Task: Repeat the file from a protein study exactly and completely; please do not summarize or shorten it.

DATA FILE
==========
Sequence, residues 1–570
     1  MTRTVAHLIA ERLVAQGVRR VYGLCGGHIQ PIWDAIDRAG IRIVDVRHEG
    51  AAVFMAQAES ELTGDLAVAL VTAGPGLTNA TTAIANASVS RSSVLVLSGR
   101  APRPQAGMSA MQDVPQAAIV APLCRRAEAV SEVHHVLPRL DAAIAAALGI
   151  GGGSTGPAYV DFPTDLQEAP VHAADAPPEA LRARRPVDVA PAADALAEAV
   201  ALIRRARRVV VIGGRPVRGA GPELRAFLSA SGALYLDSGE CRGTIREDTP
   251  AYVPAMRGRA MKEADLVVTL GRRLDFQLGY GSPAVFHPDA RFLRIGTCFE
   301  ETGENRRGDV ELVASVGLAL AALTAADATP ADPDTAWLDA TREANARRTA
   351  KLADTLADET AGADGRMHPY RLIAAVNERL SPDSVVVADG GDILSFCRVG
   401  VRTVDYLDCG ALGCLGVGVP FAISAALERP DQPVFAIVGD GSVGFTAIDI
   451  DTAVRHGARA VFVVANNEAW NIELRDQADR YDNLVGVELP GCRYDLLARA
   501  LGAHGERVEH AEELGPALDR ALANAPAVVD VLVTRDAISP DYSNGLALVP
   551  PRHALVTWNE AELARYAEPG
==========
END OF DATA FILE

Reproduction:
Sequence, residues 1–570
     1  MTRTVAHLIA ERLVAQGVRR VYGLCGGHIQ PIWDAIDRAG IRIVDVRHEG
    51  AAVFMAQAES ELTGDLAVAL VTAGPGLTNA TTAIANASVS RSSVLVLSGR
   101  APRPQAGMSA MQDVPQAAIV APLCRRAEAV SEVHHVLPRL DAAIAAALGI
   151  GGGSTGPAYV DFPTDLQEAP VHAADAPPEA LRARRPVDVA PAADALAEAV
   201  ALIRRARRVV VIGGRPVRGA GPELRAFLSA SGALYLDSGE CRGTIREDTP
   251  AYVPAMRGRA MKEADLVVTL GRRLDFQLGY GSPAVFHPDA RFLRIGTCFE
   301  ETGENRRGDV ELVASVGLAL AALTAADATP ADPDTAWLDA TREANARRTA
   351  KLADTLADET AGADGRMHPY RLIAAVNERL SPDSVVVADG GDILSFCRVG
   401  VRTVDYLDCG ALGCLGVGVP FAISAALERP DQPVFAIVGD GSVGFTAIDI
   451  DTAVRHGARA VFVVANNEAW NIELRDQADR YDNLVGVELP GCRYDLLARA
   501  LGAHGERVEH AEELGPALDR ALANAPAVVD VLVTRDAISP DYSNGLALVP
   551  PRHALVTWNE AELARYAEPG